|US5958326||Sep 5, 1997||Sep 28, 1999||Caferro; Ronald N.||Process for producing a lighting louver|
|US5972477||Jun 23, 1997||Oct 26, 1999||Hoechst Celanese Corporation||Laminated fiber networks|
|US6000738||Mar 13, 1998||Dec 14, 1999||Chrysler Corporation||Force-absorbing vehicle bumper|
|US6012764||Jun 11, 1997||Jan 11, 2000||Aluminum Company Of America||Vehicle greenhouse support assembly and associated method|
|US6017084||Feb 4, 1998||Jan 25, 2000||Oakwood Energy Management Inc.||Energy absorbing assembly|
|US6085878||Dec 12, 1997||Jul 11, 2000||Toyo Boseki Kabushiki Kaisha||Impact absorber made of resin|
|US6099055||Aug 4, 1999||Aug 8, 2000||Sumitomo Chemical Company, Limited||Bumper reinforcing structural unit|
|US6199942||Jun 8, 1999||Mar 13, 2001||Oakwood Energy Management, Inc.||Modular energy absorbing assembly|
|US6247745||Feb 7, 2000||Jun 19, 2001||Oakwood Energy Management, Inc.||Formed energy absorber|
|US6443513||May 18, 1999||Sep 3, 2002||Concept Analysis Corporation||Cup bumper absorber|
|US6550850||Oct 9, 2001||Apr 22, 2003||Sai Automotive Allibert Industrie||Device for absorbing energy during impact, and motor vehicle door comprising such a device|
|US6679544 *||Apr 5, 2002||Jan 20, 2004||Lear Corporation||Molded energy absorber|
|DE19947245A1||Sep 30, 1999||Apr 6, 2000||Sai Automotive Allibert Ind Na||Shock absorbent appliance has base plate on which stand hollow conical shock absorbent elements|
|EP0863056A1||Feb 4, 1998||Sep 9, 1998||General Motors Corporation||Energy absorbing structure|
|JPS56131849A||Title not available|
|WO2000001525A1||Jun 30, 1999||Jan 13, 2000||Concept Analysis Corporation||Cup bumper absorber|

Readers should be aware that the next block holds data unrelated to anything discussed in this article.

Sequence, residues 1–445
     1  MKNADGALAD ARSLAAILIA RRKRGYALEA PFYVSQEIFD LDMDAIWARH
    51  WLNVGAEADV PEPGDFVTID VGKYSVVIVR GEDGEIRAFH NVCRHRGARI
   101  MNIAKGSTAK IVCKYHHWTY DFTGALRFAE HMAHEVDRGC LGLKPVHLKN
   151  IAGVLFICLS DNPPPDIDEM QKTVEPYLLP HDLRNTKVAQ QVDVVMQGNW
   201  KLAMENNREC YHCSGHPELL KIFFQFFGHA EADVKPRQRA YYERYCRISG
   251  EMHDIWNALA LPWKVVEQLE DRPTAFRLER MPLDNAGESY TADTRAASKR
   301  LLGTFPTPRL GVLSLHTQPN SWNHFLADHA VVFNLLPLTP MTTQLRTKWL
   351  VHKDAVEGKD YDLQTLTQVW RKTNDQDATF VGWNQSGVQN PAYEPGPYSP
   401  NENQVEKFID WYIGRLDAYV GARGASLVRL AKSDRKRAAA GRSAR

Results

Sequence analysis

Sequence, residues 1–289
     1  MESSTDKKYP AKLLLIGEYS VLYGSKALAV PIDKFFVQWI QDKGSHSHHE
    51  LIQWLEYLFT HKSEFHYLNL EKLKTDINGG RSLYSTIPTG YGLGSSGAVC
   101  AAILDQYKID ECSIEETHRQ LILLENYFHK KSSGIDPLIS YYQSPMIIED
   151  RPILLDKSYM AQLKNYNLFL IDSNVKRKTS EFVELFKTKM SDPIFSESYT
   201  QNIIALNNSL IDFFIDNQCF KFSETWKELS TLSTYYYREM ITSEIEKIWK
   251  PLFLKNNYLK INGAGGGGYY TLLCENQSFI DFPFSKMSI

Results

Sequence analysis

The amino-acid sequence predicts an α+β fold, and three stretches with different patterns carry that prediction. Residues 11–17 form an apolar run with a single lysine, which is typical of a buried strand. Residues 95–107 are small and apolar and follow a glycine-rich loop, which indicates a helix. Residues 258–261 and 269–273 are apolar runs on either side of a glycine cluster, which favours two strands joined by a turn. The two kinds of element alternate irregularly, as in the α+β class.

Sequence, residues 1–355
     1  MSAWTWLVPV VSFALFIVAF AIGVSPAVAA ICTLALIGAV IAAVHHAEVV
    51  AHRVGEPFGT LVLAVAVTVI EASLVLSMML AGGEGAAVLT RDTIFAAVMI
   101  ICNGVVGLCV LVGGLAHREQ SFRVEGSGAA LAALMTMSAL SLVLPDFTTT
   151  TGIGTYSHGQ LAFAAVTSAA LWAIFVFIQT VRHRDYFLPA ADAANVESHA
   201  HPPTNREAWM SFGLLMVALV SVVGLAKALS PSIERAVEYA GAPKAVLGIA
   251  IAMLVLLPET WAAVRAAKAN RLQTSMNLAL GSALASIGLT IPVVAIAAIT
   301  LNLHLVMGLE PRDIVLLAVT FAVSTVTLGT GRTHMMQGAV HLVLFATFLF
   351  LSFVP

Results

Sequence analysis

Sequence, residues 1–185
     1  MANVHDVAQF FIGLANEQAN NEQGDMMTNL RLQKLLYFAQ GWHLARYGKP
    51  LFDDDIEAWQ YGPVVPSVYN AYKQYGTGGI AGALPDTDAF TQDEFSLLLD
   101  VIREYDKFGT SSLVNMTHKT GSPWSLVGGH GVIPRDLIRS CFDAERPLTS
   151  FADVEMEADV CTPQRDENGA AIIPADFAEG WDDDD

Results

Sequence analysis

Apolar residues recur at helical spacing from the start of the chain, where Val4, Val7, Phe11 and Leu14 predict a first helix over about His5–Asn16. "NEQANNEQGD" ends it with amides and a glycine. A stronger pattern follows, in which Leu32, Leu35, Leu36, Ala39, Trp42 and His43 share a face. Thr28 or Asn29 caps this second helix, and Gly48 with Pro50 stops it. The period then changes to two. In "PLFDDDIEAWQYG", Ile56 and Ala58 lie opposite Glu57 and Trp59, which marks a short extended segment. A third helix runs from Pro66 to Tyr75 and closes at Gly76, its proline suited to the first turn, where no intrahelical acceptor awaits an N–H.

|WO2000031434A1||Nov 15, 1999||Jun 2, 2000||Cellbond Limited||Energy-absorbing structures|
|1||International Search Report, Application No. PCT/US02/37005, Mar. 31, 2003.|
|2||PCT International Search Report for PCT/US00/15509, mailed Aug. 21, 2000.|
|3||PCT International Search Report for PCT/US01/11905, filed Apr. 12, 2001, mailed Aug. 8, 2001.|
|4||PCT International Search Report for PCT/US02/19527, filed Jun. 19, 2002, mailed Mar. 3, 2003.|
|5||PCT International Search Report for PCT/US99/14847.|
|6||Supplementary European Search Report, Application No. EP 00 94 1232.1, Mar. 17, 2003.|
|Citing Patent||Filing date||Publication date||Applicant||Title|
|US7625023 *||Mar 27, 2007||Dec 1, 2009||Oakwood Energy Management, Inc.||Modular energy absorber with ribbed wall structure|
|US7857610||Feb 2, 2009||Dec 28, 2010||Safetynet Energy Management, Llc||Apparatus making thermoformed component with integral coined structure|
|US7874343 *||May 7, 2007||Jan 25, 2011||Bos Gmbh & Co. Kg||Roller blind with noiseless flat spiral spring drive|